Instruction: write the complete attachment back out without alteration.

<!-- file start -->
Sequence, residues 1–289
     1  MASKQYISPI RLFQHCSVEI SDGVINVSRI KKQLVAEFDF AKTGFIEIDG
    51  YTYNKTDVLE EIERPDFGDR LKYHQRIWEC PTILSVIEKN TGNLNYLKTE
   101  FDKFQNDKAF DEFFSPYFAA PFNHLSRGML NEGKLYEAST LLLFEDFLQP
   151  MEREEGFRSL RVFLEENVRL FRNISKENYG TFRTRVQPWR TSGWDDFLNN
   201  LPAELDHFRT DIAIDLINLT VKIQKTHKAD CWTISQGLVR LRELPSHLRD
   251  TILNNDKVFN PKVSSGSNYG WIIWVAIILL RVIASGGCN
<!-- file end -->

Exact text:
Sequence, residues 1–289
     1  MASKQYISPI RLFQHCSVEI SDGVINVSRI KKQLVAEFDF AKTGFIEIDG
    51  YTYNKTDVLE EIERPDFGDR LKYHQRIWEC PTILSVIEKN TGNLNYLKTE
   101  FDKFQNDKAF DEFFSPYFAA PFNHLSRGML NEGKLYEAST LLLFEDFLQP
   151  MEREEGFRSL RVFLEENVRL FRNISKENYG TFRTRVQPWR TSGWDDFLNN
   201  LPAELDHFRT DIAIDLINLT VKIQKTHKAD CWTISQGLVR LRELPSHLRD
   251  TILNNDKVFN PKVSSGSNYG WIIWVAIILL RVIASGGCN